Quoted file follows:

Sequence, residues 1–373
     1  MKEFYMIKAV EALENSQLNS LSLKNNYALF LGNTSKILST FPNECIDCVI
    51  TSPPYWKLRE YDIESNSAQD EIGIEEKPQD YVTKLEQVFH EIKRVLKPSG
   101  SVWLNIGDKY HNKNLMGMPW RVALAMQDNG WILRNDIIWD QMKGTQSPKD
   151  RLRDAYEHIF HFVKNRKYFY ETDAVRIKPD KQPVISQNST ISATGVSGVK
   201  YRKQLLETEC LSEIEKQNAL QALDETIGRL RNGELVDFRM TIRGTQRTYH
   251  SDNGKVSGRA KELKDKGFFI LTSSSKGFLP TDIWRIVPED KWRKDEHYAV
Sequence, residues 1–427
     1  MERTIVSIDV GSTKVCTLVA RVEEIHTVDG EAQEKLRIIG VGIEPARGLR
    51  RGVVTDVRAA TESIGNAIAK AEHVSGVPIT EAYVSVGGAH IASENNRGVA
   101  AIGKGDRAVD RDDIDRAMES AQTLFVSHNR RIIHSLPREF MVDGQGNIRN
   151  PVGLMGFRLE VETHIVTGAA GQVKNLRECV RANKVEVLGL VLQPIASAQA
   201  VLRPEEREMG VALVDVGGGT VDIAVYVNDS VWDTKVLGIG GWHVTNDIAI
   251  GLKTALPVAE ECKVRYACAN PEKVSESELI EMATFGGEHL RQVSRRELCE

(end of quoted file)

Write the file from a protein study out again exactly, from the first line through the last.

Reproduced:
Sequence, residues 1–373
     1  MKEFYMIKAV EALENSQLNS LSLKNNYALF LGNTSKILST FPNECIDCVI
    51  TSPPYWKLRE YDIESNSAQD EIGIEEKPQD YVTKLEQVFH EIKRVLKPSG
   101  SVWLNIGDKY HNKNLMGMPW RVALAMQDNG WILRNDIIWD QMKGTQSPKD
   151  RLRDAYEHIF HFVKNRKYFY ETDAVRIKPD KQPVISQNST ISATGVSGVK
   201  YRKQLLETEC LSEIEKQNAL QALDETIGRL RNGELVDFRM TIRGTQRTYH
   251  SDNGKVSGRA KELKDKGFFI LTSSSKGFLP TDIWRIVPED KWRKDEHYAV
Sequence, residues 1–427
     1  MERTIVSIDV GSTKVCTLVA RVEEIHTVDG EAQEKLRIIG VGIEPARGLR
    51  RGVVTDVRAA TESIGNAIAK AEHVSGVPIT EAYVSVGGAH IASENNRGVA
   101  AIGKGDRAVD RDDIDRAMES AQTLFVSHNR RIIHSLPREF MVDGQGNIRN
   151  PVGLMGFRLE VETHIVTGAA GQVKNLRECV RANKVEVLGL VLQPIASAQA
   201  VLRPEEREMG VALVDVGGGT VDIAVYVNDS VWDTKVLGIG GWHVTNDIAI
   251  GLKTALPVAE ECKVRYACAN PEKVSESELI EMATFGGEHL RQVSRRELCE